Ann Arbor, MI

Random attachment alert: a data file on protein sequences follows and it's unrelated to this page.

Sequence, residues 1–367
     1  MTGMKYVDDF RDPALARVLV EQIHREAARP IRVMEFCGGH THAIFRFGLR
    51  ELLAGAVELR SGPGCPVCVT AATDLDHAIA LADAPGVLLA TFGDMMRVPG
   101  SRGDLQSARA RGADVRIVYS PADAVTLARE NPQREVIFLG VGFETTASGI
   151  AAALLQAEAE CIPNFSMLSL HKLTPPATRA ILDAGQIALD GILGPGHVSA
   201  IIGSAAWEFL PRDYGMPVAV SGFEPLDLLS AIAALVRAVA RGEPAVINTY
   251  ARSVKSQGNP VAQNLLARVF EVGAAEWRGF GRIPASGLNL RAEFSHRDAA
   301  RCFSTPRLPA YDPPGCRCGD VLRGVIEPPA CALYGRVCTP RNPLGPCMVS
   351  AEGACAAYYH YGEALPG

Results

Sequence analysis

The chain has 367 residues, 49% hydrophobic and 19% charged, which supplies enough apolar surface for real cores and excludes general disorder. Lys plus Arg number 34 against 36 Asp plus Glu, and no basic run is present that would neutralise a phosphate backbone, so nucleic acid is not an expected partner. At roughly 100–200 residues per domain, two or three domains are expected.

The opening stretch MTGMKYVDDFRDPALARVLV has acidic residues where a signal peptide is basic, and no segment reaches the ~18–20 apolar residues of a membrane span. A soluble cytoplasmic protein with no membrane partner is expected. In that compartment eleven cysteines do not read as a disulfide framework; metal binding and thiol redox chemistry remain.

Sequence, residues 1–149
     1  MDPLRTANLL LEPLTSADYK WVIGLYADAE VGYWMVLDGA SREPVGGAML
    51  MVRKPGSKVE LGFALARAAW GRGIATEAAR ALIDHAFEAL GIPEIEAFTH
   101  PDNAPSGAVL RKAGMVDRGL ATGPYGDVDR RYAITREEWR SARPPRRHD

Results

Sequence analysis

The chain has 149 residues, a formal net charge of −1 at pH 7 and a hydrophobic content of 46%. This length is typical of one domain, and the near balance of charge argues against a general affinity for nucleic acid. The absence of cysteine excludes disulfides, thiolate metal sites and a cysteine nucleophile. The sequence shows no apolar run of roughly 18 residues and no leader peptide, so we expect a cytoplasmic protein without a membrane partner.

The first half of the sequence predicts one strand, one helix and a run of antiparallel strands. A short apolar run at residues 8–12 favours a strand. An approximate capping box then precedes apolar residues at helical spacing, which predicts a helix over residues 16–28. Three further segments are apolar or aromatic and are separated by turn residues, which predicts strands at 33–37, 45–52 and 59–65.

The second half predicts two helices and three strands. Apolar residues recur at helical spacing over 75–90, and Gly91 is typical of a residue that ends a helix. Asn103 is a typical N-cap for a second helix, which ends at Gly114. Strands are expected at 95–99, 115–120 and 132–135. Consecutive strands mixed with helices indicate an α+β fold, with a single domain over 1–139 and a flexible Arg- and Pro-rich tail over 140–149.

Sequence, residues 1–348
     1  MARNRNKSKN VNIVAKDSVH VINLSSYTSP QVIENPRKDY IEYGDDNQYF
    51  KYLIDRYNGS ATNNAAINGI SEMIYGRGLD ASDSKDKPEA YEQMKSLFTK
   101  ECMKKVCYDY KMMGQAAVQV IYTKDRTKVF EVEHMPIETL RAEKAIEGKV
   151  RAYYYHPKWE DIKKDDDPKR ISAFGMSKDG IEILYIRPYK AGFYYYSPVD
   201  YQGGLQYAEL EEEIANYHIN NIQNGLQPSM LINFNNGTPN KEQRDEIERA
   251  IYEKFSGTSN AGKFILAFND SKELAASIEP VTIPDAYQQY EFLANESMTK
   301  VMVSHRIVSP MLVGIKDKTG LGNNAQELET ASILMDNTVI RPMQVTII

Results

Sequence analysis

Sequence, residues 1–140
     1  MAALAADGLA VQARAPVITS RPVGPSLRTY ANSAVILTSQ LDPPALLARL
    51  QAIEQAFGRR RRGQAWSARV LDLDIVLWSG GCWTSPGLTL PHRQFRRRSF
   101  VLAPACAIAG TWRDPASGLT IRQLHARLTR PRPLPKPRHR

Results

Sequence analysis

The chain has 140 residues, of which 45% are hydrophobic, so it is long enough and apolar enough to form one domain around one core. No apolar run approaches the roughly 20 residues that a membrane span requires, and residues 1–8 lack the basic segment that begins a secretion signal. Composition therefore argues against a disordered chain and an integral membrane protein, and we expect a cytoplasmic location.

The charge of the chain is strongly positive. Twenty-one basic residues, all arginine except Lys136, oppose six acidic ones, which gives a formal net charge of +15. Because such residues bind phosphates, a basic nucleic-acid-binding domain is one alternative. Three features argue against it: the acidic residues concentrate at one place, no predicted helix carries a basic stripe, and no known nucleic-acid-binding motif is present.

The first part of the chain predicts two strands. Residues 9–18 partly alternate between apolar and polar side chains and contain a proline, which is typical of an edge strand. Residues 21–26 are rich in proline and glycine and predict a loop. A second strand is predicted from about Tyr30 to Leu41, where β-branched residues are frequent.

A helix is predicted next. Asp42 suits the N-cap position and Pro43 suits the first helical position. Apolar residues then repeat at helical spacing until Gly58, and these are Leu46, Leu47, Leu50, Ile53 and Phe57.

The year was 1997. I was part of a small committee selecting MBAs for highly sought-after internships in China. I wasn’t prepared to be tested on my passionate belief that skin color doesn’t matter. But I am white. And when another white colleague said, “this candidate is African American, he might have a hard time with the racist views in China” I assumed my colleague was right. I agreed with my silence. While I no longer remember exactly, I believe the African American MBA candidate was offered an internship opportunity in a different country, like Poland. It was only a few weeks later that my passive acquiescence to a totally racist decision hit me in the face. Certainly an African-American MBA student at the University of Michigan had successfully handled racism in a wide variety of situations his entire life. Who were we, as whites sitting isolated in our meeting, to decide whether he could handle what China would dish out? Most likely, he would have been brilliant, thus helping a few Chinese people to also lose some of their racism. Instead, I was part of allowing the problem to persist. It’s a shameful memory. The only bright spot is that there is a painful scar, that now reminds me to be more watchful and outspoken against whites deciding “what’s best” for people of color. You can think it no longer happens where you live, until you do it yourself.